The Aloha rose is a nice pink hybrid climber. It has a great scent and great garden flexibility!
Into the history books….
This flower was first bred in 1949 by Boerner. However, there is an Aloha Hawaii rose that was bred in 2003 by Kordes. The Hawaii rose is apricot colored and less of a climber. We'll do a separate page on that flower. However, you may still see it called the Aloha though. Ah, the confusion of flower naming!
The true Aloha rose had the New Dawn and Gallart as parents, so mixes the traits of both of them. In 2001, it won the Award of Garden Merit.
This flower has brilliant pink flowers and a nice fragance. Its not overpowering like some damasks. It can be easily trained as a climber and can get up to 10 feet tall, although between six and eight feet is more likely. It produces large, very frilly and full blossoms that go throughout the summer.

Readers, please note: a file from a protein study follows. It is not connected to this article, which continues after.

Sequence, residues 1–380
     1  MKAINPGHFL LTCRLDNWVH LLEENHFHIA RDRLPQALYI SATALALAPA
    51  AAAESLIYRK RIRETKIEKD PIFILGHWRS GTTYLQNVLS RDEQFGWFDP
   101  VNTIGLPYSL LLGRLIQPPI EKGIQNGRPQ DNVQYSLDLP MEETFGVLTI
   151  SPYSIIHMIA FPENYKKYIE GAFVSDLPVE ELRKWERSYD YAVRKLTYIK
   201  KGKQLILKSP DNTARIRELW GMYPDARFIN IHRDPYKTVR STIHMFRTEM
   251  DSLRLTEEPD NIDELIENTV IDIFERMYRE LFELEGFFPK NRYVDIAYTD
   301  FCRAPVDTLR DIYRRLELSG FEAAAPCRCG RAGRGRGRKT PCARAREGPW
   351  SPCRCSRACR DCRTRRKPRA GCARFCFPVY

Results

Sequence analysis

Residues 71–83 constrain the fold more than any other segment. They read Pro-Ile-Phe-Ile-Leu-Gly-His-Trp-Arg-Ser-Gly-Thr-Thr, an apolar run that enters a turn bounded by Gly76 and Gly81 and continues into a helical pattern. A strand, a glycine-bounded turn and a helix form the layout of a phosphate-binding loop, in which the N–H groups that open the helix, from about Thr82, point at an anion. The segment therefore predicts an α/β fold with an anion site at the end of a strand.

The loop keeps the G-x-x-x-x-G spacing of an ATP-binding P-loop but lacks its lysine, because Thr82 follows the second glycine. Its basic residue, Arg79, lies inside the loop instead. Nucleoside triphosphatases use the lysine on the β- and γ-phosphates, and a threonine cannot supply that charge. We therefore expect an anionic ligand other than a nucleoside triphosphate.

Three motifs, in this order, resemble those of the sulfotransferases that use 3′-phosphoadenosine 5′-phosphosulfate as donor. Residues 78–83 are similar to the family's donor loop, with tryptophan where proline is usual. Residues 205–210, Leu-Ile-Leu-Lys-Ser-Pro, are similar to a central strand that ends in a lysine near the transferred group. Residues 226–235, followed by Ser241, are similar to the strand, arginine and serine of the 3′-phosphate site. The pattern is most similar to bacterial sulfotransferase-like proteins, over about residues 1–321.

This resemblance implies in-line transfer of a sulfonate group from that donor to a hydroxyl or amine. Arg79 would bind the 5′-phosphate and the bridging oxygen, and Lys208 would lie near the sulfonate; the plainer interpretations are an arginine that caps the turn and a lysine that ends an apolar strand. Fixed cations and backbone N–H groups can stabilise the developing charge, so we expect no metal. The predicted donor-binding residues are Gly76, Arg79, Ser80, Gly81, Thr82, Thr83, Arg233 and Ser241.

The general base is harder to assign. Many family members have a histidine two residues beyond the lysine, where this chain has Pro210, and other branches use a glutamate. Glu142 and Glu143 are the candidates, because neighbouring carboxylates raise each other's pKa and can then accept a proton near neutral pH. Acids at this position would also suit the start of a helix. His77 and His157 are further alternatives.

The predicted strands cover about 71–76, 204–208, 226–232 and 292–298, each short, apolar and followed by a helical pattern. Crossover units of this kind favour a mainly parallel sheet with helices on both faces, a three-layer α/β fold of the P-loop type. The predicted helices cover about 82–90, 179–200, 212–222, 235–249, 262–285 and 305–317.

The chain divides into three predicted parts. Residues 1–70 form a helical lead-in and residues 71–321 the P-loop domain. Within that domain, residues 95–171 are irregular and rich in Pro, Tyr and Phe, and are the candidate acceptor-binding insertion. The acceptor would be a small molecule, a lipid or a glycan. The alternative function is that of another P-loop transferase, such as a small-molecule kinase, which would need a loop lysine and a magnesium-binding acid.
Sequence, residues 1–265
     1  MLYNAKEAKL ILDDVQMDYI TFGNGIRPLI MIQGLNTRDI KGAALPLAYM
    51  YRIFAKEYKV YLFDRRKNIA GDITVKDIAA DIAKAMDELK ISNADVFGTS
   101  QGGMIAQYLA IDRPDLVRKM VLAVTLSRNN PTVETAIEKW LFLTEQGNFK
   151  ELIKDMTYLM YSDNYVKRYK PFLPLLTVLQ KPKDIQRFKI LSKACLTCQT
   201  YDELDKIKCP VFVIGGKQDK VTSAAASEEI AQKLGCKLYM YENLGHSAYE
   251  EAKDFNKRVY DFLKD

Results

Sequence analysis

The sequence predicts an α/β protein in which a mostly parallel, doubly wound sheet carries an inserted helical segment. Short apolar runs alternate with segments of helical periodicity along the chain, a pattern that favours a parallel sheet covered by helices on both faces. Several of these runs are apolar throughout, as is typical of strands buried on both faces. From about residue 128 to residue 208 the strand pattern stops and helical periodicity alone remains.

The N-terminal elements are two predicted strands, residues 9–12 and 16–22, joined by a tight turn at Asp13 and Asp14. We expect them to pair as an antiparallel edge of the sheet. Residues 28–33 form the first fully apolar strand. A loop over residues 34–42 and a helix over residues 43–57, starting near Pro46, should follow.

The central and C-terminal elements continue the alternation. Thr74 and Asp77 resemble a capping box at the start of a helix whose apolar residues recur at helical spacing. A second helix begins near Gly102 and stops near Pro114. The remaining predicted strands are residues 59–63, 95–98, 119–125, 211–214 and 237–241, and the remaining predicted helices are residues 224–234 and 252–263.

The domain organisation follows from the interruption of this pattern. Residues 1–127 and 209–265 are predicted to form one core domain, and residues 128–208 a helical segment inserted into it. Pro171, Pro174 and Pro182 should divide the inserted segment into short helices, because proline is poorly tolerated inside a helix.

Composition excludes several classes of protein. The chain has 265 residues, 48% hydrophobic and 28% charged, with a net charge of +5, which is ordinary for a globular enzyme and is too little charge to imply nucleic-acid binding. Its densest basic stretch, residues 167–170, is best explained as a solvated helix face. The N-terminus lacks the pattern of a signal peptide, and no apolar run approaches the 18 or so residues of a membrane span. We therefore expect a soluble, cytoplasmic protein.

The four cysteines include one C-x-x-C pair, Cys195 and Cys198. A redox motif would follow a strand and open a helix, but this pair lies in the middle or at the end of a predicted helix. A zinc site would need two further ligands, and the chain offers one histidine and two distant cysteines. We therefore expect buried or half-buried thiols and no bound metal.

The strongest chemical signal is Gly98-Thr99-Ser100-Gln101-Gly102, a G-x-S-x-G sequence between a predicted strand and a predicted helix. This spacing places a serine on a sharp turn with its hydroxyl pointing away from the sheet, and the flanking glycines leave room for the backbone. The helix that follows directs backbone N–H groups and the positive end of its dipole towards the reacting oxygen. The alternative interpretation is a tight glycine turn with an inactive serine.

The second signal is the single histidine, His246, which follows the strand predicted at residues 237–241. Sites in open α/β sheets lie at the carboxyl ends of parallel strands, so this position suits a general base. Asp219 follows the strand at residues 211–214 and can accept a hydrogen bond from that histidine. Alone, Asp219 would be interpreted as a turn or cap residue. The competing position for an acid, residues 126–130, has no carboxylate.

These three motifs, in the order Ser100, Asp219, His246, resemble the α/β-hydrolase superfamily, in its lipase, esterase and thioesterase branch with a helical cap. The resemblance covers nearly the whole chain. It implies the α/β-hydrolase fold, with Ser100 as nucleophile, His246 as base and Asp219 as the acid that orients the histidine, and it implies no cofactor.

Try growing this plant on a pillar, or alternatively, allowed to drape down from a wall or trellis. You can also grow it as a shrub as well, although the large heads and blossoms tend to make the canes sag.
Try the Aloha as part of your cut flowers, the nice fragrance can add a lot to your home!
The Aloha tends to be very resilient. It can handle even salt heavy soils and has been reported to be winter hardy up to twenty below freezing. However, for best results, it is rated for zone 5b to 9b. . t is slow growing and may be grown in very large containers. It requires moderate pruning, and is best trained as a pillar rose. With more severe pruning, it makes a moderate to large shrub.
Be aware that this plant has some thorns, although it requires minimal pruning. If you are growing it as a shrub, more pruning is needed. Its highly disease resistant.
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